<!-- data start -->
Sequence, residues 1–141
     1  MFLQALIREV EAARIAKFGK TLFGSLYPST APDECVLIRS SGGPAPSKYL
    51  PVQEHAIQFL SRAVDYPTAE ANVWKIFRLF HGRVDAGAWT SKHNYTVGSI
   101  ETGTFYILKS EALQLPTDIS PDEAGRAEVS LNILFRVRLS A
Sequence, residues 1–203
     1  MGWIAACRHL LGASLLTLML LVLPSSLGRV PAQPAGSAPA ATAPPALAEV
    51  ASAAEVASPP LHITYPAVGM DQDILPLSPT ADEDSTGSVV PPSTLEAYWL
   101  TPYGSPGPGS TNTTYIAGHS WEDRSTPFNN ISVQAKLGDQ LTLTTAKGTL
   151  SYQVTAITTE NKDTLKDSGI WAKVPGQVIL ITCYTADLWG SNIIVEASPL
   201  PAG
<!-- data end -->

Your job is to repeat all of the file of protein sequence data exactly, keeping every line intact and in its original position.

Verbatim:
Sequence, residues 1–141
     1  MFLQALIREV EAARIAKFGK TLFGSLYPST APDECVLIRS SGGPAPSKYL
    51  PVQEHAIQFL SRAVDYPTAE ANVWKIFRLF HGRVDAGAWT SKHNYTVGSI
   101  ETGTFYILKS EALQLPTDIS PDEAGRAEVS LNILFRVRLS A
Sequence, residues 1–203
     1  MGWIAACRHL LGASLLTLML LVLPSSLGRV PAQPAGSAPA ATAPPALAEV
    51  ASAAEVASPP LHITYPAVGM DQDILPLSPT ADEDSTGSVV PPSTLEAYWL
   101  TPYGSPGPGS TNTTYIAGHS WEDRSTPFNN ISVQAKLGDQ LTLTTAKGTL
   151  SYQVTAITTE NKDTLKDSGI WAKVPGQVIL ITCYTADLWG SNIIVEASPL
   201  PAG